The compound, epicatechin, is one of a group of chemicals known as flavonols and has been shown previously to improve cardiovascular function in people and increase blood flow in the brain. Flavonols are found in some chocolate. The findings suggest that a diet rich in flavonols may help reduce the incidence or severity of neurodegenerative disease or cognitive disorders related to aging.
Green Tea Blocks Benefits Of Cancer Drug
Contrary to popular assumptions about the health benefits of green tea, researchers at the University of Southern California (USC) have found that the widely used supplement renders a cancer drug used to treat multiple myeloma and mantle cell lymphoma completely ineffective in treating cancer.
The study, which found that a component of green tea extract (GTE) called EGCG destroys any anticancer activity of the drug Velcade in tumor-bearing mice, will be published in a future print edition of the journal, Blood. It is now available online at the journal’s pre-publication First Edition website.
“Our finding that GTE or EGCG blocked the therapeutic action of Velcade was completely unexpected,” says lead author Axel H. Schönthal, PhD, associate professor in the Department of Microbiology and Immunology at the Keck School of Medicine of USC. “Our hypothesis was that GTE or EGCG would enhance the anti-tumor effects of Velcade, and that a combination of GTE with Velcade (or EGCG with Velcade) would turn out to be a superior cancer treatment as compared to treatment with Velcade alone.”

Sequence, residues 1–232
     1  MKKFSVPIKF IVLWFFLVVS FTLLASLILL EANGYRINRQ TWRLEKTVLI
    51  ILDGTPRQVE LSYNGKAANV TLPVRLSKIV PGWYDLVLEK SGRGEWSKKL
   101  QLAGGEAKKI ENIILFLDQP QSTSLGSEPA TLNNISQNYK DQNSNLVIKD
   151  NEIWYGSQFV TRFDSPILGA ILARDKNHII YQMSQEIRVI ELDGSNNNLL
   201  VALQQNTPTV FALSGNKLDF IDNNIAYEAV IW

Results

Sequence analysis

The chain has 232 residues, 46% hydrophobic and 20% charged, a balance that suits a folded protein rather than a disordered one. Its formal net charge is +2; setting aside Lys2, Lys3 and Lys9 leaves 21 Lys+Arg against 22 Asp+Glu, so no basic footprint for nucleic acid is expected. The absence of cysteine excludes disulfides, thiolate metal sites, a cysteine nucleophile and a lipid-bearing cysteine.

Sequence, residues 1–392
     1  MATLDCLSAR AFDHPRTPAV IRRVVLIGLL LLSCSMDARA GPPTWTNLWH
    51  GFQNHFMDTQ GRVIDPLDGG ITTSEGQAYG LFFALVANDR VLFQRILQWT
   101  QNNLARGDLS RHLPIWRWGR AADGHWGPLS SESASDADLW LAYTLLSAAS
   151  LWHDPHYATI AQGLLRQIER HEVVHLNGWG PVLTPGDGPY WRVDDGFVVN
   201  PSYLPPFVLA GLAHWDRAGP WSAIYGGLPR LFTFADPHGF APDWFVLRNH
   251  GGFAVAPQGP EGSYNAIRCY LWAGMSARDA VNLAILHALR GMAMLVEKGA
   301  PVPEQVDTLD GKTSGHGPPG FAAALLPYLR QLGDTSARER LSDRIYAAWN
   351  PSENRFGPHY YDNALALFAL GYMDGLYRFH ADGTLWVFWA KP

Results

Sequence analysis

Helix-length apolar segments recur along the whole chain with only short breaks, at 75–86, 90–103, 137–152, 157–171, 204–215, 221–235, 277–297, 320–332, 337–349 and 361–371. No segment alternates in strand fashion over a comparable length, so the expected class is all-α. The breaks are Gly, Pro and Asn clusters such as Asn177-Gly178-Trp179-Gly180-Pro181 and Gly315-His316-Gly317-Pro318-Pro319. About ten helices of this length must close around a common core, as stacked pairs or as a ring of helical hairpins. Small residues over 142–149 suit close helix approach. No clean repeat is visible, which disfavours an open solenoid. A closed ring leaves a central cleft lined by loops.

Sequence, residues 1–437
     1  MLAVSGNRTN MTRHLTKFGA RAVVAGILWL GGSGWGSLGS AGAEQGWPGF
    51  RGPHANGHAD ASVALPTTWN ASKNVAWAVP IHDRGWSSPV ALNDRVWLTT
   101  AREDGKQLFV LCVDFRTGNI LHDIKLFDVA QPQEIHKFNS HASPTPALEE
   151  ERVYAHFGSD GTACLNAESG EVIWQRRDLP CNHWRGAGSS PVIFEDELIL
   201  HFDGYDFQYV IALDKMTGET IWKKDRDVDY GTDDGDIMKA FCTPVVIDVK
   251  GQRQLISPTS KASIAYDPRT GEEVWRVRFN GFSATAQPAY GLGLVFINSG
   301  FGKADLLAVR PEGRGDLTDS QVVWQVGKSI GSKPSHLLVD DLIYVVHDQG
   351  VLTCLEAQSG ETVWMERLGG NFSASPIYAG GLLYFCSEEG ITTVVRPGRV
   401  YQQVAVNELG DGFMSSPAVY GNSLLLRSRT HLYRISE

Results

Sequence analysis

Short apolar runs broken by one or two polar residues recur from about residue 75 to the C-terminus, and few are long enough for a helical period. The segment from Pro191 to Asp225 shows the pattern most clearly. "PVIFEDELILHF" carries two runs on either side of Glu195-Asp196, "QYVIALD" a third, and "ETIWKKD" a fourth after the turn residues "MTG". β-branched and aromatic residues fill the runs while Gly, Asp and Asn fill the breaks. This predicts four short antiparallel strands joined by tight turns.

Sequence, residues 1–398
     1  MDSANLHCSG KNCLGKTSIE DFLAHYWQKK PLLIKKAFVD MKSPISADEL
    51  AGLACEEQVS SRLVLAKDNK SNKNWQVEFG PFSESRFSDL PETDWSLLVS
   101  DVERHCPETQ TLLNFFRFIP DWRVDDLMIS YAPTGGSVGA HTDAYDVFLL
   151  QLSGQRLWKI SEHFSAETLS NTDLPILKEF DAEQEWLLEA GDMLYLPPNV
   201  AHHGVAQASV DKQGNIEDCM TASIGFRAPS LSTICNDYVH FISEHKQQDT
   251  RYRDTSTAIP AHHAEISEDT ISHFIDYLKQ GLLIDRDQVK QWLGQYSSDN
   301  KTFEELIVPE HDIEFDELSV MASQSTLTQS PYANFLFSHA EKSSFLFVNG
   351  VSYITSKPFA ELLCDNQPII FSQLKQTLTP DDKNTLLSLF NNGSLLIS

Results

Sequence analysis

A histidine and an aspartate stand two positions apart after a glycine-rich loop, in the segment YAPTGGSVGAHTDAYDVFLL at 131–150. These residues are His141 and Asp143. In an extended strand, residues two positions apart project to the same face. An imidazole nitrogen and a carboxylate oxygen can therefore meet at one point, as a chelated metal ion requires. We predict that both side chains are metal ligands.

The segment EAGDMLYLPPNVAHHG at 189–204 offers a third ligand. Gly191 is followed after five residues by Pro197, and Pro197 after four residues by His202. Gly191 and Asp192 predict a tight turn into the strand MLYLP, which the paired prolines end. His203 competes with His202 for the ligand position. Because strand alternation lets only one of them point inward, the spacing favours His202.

Herbal remedies, including green tea, have become a popular remedy for cancer patients dealing with side effects of chemotherapy. However, these supplements are unregulated and, for most, their beneficial and/or detrimental effects have not been qualified through research.
Using preclinical models and tumor-bearing mice, the researchers found that the unusually effective blockage of Velcade’s therapeutic activity was based on the chemical interaction between molecules. The EGCG molecule and the Velcade molecule were able to form chemical bonds, meaning that the Velcade molecule could no longer bind to its intended target inside the tumor cells.
Clinical trials to verify these results in humans would be highly unethical to conduct, because of the predictably unfavorable outcome. Nevertheless, the researchers expect the results of the study to be applicable to cancer patients.